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“Crossing A Constitutional Line”: Will The Supreme Court Let Florida Drug-Test All Its Government Employees?

It might seem reasonable that Florida’s governor Rick Scott wants to ensure all state agencies are drug-free workplaces; after all, why would you want your taxpayer money going to support the habit of some stoned, slothful bureaucrat? But what is the state really asking for when it demands that each public servant pee in a cup?

When Governor Scott issued an executive order for mandatory drug testing across the state’s entire public workforce in March 2011, the political logic seemed straightforward: “the State, as an employer, has an obligation to maintain discipline, health, and safety in the workplace.” But underlying that seeming moral obligation are some questionable social assumptions. What does a positive test mean when your economic fate hinges on the result? What kind of “discipline” is maintained by subjugating bodily privacy in the name of “public safety”?

Today the Supreme Court is weighing the constitutional question the policy has evoked: When your boss is the state, can the “drug-free workplace” be a Fourth Amendment free zone?

The Supreme Court is considering whether to take up Scott v. American Federation of State, County and Municipal Employees Council (AFSCME) 79, to review whether the state can legitimately administer “drug testing in the absence of reasonable suspicion of drug use,” based on the state’s interest in ensuring a drug-free workplace for 85,000 state employees and applicants for state jobs.

Scott’s Supreme Court petition attempts to revive the issue following a series of lower-court defeats. AFSCME, representing tens of thousands of public servants, filed a legal challenge in May 2011 contending that the testing violated Fourth Amendment protections from unreasonable searches, and that the state had offered no real safety-related reason for such a broad testing requirement. The union argues in its brief, “allowing the state to define its interests at such a high level of generality would create an exception that swallows the rule.”

The federal district court ruled in 2012 that the executive order was an unconstitutional violation of workers’ privacy and the US Court of Appeals for the Eleventh Circuit affirmed that decision. However, while the state has since suspended the policy (and a similar statute passed by the legislature has also been halted), it has been remanded to the lower court for further litigation to rework the mandate. The administration is now trying to revamp the mandate to apply to a narrower set of jobs—mirroring existing policies targeted to safety-related positions, like corrections officers.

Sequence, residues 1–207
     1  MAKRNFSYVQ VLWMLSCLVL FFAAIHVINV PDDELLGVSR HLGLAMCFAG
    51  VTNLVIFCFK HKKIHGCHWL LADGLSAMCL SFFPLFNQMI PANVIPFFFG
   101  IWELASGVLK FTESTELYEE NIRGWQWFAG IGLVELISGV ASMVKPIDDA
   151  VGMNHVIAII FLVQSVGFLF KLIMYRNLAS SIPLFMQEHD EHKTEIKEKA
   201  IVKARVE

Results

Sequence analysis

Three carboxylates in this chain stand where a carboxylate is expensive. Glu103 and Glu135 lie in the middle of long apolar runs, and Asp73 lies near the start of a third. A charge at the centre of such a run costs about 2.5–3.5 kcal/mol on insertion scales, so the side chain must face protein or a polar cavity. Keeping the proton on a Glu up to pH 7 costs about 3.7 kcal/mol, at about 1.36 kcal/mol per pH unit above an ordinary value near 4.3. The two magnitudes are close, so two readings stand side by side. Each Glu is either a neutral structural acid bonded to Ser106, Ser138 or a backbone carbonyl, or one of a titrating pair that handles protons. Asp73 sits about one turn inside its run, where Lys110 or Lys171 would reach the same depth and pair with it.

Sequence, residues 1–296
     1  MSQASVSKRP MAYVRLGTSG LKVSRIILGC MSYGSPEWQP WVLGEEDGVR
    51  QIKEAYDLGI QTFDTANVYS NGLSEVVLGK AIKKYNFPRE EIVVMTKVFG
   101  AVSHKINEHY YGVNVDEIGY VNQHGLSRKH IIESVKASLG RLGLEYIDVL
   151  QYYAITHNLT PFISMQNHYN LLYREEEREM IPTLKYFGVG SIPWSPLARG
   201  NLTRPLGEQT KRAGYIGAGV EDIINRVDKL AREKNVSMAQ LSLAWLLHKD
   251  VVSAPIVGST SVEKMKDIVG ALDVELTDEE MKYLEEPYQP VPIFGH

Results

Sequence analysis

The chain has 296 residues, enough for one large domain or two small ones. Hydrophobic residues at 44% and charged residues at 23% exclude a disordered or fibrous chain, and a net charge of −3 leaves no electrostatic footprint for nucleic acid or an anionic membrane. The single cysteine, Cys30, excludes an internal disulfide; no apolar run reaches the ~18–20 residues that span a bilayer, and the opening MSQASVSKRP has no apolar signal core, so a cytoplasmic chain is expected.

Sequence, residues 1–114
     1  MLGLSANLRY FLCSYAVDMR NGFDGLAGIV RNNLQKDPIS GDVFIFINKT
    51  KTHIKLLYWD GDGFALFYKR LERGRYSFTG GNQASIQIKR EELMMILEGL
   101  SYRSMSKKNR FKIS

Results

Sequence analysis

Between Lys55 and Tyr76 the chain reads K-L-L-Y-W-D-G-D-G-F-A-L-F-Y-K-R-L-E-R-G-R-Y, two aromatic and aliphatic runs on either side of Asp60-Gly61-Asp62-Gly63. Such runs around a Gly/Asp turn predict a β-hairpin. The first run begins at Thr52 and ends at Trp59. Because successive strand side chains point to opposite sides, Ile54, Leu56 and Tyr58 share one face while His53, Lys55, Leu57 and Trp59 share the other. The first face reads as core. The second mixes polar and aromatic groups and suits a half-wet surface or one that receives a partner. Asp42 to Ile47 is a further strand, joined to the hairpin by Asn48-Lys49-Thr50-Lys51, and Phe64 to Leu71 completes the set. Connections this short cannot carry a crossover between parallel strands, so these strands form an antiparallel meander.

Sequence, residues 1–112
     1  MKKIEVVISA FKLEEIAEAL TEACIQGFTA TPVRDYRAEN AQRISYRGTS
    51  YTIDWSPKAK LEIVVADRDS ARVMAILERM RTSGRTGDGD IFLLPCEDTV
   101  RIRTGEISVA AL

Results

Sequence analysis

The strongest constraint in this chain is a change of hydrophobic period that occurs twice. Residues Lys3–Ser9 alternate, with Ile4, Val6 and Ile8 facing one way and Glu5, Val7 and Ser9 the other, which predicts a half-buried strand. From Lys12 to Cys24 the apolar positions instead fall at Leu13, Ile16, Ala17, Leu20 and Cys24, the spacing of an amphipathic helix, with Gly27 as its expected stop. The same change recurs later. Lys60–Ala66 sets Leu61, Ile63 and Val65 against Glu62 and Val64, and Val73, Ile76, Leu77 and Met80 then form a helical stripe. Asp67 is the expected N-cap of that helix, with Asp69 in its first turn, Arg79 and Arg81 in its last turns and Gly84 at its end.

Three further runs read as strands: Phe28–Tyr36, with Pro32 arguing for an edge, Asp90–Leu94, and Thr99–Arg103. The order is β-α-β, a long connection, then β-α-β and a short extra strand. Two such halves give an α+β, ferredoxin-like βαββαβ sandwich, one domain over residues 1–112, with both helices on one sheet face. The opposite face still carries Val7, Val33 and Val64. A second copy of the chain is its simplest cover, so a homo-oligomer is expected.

The Supreme Court will conference on whether to take up the case or just let the lower-court sausage-making proceed. For now, the main outcome is the Eleventh Circuit’s decision that the original order was unacceptably broad, amounting to, in the words of the court, “a drug testing policy of far greater scope than any ever sanctioned by the Supreme Court or by any of the courts of appeals.”

Labor advocates don’t necessarily object to drug test policies for certain jobs based on specific work-related safety concerns. Rather, AFSCME objects to the sweeping mandate of drug testing the whole workforce and prospective future employees, screening the bodies of school bus drivers and museum ticket vendors alike, for anything from a meth habit to an occasional joint.

In its defense of the policy, the state points out that drug testing is already common in private sector workplaces. But civil libertarians note that the state, unlike a private firm, is bound by Fourth Amendment restrictions on unreasonable government searches.

On top of its crusade for a drug-free state payroll, Florida has also sought to clean up its welfare rolls with a policy of mandatory drug testing for welfare applicants. The law, enacted by the legislature in 2011, was ultimately struck down in federal court. But it also sparked a national outrage (and some notable satire), because it invoked the classic Reaganite trope of public aid recipients as undeserving miscreants looking to “game the system.” The stereotype has historically been reflected in the image of black “welfare queen,” or more recently, in the underworked, overpaid state bureaucrat. Nationwide, lawmakers have glommed onto this convenient political logic of drug-screening people involved with public assistance programs, with recent proposals for mandatory testing in Texas, Pennsylvania, Washington and other states.

Whether the urinalysis dragnet targets people seeking government support or those delivering public services, the presumptions underlying mandatory testing feed into the oppressive stigma of being tied to the public system, which in turn stokes public mistrust and backlash against government itself.

Shalini Goel Agarwal, an ACLU of Florida attorney who is working on the case, says that for welfare recipients, blanket drug-testing reflects “an assumption that if they’re relying on public benefits, must be because those folks are at fault in some way, it’s because they’re using drugs…. The facts don’t seem to bear out the stereotype, but there is this kind of villainization that’s going on.”